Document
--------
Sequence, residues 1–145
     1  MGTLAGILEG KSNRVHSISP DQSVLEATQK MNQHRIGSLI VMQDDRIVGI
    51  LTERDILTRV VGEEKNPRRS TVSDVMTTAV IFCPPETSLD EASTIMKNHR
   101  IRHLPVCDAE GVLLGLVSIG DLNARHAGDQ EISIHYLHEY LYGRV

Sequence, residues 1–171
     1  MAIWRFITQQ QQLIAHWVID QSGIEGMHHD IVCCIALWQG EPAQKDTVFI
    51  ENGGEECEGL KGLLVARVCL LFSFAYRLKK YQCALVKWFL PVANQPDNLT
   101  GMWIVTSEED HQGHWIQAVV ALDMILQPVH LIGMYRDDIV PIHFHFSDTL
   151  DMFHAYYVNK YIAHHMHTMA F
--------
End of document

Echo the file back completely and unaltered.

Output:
Sequence, residues 1–145
     1  MGTLAGILEG KSNRVHSISP DQSVLEATQK MNQHRIGSLI VMQDDRIVGI
    51  LTERDILTRV VGEEKNPRRS TVSDVMTTAV IFCPPETSLD EASTIMKNHR
   101  IRHLPVCDAE GVLLGLVSIG DLNARHAGDQ EISIHYLHEY LYGRV

Sequence, residues 1–171
     1  MAIWRFITQQ QQLIAHWVID QSGIEGMHHD IVCCIALWQG EPAQKDTVFI
    51  ENGGEECEGL KGLLVARVCL LFSFAYRLKK YQCALVKWFL PVANQPDNLT
   101  GMWIVTSEED HQGHWIQAVV ALDMILQPVH LIGMYRDDIV PIHFHFSDTL
   151  DMFHAYYVNK YIAHHMHTMA F